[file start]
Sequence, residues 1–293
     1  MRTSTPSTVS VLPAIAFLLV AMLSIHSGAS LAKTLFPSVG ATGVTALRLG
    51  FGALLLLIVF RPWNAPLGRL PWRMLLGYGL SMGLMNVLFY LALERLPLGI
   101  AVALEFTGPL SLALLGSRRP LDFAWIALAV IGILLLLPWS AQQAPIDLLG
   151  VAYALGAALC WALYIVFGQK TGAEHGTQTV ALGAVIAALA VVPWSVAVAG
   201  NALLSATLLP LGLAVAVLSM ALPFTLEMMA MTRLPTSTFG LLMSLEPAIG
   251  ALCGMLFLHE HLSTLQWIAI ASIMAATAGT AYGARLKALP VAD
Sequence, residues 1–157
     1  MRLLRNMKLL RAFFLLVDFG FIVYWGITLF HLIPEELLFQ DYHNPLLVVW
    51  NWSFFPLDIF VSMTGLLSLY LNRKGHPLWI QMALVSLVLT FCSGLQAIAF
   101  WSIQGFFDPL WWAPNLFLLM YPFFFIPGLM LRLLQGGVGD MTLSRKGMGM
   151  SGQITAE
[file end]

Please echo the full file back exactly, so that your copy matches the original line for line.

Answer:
Sequence, residues 1–293
     1  MRTSTPSTVS VLPAIAFLLV AMLSIHSGAS LAKTLFPSVG ATGVTALRLG
    51  FGALLLLIVF RPWNAPLGRL PWRMLLGYGL SMGLMNVLFY LALERLPLGI
   101  AVALEFTGPL SLALLGSRRP LDFAWIALAV IGILLLLPWS AQQAPIDLLG
   151  VAYALGAALC WALYIVFGQK TGAEHGTQTV ALGAVIAALA VVPWSVAVAG
   201  NALLSATLLP LGLAVAVLSM ALPFTLEMMA MTRLPTSTFG LLMSLEPAIG
   251  ALCGMLFLHE HLSTLQWIAI ASIMAATAGT AYGARLKALP VAD
Sequence, residues 1–157
     1  MRLLRNMKLL RAFFLLVDFG FIVYWGITLF HLIPEELLFQ DYHNPLLVVW
    51  NWSFFPLDIF VSMTGLLSLY LNRKGHPLWI QMALVSLVLT FCSGLQAIAF
   101  WSIQGFFDPL WWAPNLFLLM YPFFFIPGLM LRLLQGGVGD MTLSRKGMGM
   151  SGQITAE